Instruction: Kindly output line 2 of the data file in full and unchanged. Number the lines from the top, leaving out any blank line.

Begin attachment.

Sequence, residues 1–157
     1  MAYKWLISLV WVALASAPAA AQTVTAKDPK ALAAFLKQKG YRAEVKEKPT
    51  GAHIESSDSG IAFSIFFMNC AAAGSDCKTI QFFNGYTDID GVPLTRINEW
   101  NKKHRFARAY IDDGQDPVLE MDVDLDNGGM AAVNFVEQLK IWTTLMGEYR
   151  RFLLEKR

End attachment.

     1  MAYKWLISLV WVALASAPAA AQTVTAKDPK ALAAFLKQKG YRAEVKEKPT